178. Palm Sunday Divine Liturgy


I said in the last Post that on Sundays we celebrate the Resurrection. Except for Palm Sunday. Today we begin Holy Week and our walk with Jesus  on His Way to the Cross.

Gospel: Read John 12: 1-18

On Saturday evening at table in Bethany, Mary anointed Jesus’ feet with expensive ointment. Judas complained, “Why was this oil not sold and given to the poor?” Jesus (who so often commanded us to help the poor) answered, “Leave her alone. She is doing this to prepare for my burial… The poor you have with you always, but you do not always have me.” We can imagine the dreadful hush that fell over the table. Indeed, a week later Mary will be going to His tomb to anoint His dead Body.

After the raising of Lazarus, many from Jerusalem had come out to Bethany to see Jesus and Lazarus. They hoped that this, finally, was the long-awaited Messiah – and now He had come again to Bethany, so near the city.

The authorities figured that raising somebody from the dead could be faked. They had no doubt Jesus was a fraud. Did they never even consider the possibility that this one might really be the One? Did they never listen to Him? Did they never talk with Him? Did they never give Him a chance? (Could we also, in our blind certainties, sometimes miss the truth? even miss the Truth Himself?)

But what if He is worse than a charlatan? What if He actually believes He is the Christ? This was terrifying. People expected the Messiah to drive out the Roman occupiers. So what if this man starts an uprising and the people follow, and the Romans respond? Our nation will be wiped out. This was a valid concern. Forty years later there was a rebellion, and that was the end of the Jewish nation.

So now they got serious about killing him. As the high priest said, “Better one man should die than that the nation be lost.” Don’t make the Sadducees, Scribes, Pharisees and Priests into simply evil men. Yes, “it was out of envy that they handed Jesus over” Mark 15:10 , this young north-country upstart who so easily made them look like fools. But above all they were single-mindedly zealous for the nation. That was what really mattered. The Nation. The Land above all else.

So they would not see the One who was “in their midst”. Now they would violate their own moral law, God’s Law: “Have nothing to do with a false charge and do not put an innocent man to death.” Exodus 23:7 And so in the end it would be not because of Him but because of them – because they would kill this innocent sinless God made Man, their Messiah – that the nation they loved would lost. “Therefore I tell you that the kingdom of God will be taken away from you and given to a people who will produce its fruit.” See Matthew 21 33:43.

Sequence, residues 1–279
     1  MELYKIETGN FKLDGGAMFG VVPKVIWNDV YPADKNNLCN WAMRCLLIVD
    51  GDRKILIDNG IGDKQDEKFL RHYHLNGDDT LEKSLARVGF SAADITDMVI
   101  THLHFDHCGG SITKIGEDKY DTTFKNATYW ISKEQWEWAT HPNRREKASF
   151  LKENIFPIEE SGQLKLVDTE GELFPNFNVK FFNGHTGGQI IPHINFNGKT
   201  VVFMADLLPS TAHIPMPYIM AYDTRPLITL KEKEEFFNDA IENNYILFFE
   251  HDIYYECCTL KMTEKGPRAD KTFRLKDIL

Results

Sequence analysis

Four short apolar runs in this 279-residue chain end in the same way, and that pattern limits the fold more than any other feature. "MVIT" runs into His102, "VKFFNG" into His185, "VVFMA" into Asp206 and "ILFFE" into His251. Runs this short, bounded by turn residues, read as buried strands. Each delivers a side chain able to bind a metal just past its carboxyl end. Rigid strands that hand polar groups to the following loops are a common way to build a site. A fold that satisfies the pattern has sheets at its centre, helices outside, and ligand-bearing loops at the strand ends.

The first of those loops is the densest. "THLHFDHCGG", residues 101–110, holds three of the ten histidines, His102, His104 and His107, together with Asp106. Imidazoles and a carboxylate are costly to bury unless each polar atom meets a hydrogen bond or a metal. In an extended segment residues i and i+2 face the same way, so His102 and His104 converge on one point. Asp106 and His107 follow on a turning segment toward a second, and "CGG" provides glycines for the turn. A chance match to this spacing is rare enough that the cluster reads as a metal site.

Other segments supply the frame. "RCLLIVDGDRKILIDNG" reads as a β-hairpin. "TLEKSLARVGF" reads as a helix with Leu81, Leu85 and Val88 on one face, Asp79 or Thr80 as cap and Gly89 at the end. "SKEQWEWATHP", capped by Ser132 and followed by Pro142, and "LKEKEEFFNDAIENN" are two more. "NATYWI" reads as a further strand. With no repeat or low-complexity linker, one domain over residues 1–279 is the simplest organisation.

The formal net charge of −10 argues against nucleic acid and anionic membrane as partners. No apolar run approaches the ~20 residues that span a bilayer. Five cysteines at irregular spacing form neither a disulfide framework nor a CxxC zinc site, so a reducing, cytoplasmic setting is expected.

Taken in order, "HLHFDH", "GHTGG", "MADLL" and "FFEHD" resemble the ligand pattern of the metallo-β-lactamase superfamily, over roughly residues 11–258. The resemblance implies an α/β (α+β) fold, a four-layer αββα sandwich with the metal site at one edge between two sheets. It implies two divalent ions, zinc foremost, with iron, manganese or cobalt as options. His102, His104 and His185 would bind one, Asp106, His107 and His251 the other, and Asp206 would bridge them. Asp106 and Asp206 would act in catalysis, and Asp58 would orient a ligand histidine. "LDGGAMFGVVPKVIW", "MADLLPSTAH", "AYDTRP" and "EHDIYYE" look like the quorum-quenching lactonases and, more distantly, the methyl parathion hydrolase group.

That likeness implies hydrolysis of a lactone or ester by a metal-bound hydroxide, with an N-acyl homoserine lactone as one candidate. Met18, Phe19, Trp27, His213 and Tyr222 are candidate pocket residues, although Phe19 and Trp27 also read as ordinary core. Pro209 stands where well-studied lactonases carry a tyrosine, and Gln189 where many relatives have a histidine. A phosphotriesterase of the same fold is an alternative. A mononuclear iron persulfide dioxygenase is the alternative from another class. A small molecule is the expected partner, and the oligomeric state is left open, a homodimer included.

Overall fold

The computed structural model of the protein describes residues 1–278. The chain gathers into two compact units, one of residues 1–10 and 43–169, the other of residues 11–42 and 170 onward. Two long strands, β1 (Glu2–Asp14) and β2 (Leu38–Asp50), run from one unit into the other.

On Sunday morning a multitude prepared to welcome Jesus as He came into the city. This was something more than the customary welcome for dignitaries. The people cried out quoting from Messianic Psalm 118(119): “Hosanna! Blessed is He who comes in the name of the Lord” – as we still sing as Christ comes to us in every Divine Liturgy. The Pharisees complained: Listen to what they’re saying about you. Stop them. Jesus answered, “If these were silent the very stones would cry out.” Luke 19:4

So the Messiah came in, riding not in a chariot as a worldly conquerer but on a donkey. Who rode on donkeys? the underclass, servants, nobodies. John said that only later did the Apostles understand. He was acting out a prophecy: “Fear not, Jerusalem. Your king comes to you humbly, riding on the colt of a donkey.” Zechariah 9:9  The Lord of all came not to lord it over us. He came in humility to die for us.

                                                     A Coptic (Egyptian) Icon

Jesus then went not to the governor’s headquarters to battle the “politicians”, as everyone expected, but rather to the temple, to the center of Jewish religion. For this was where the real problem lay. (Could this still be true today?) When He saw money-changers cheating the people, He drove them out crying, “You have turned My temple into a den of thieves.” Matthew 21:13 The authorities were aghast. His temple? Who does He think He is?! Indeed. But they were also pleased. They now had what they needed to charge Him with at His trial before the Sanhedrin. Once before He had been accused of it: “He makes himself equal with God”. John 5:18  Now He has said it Himself.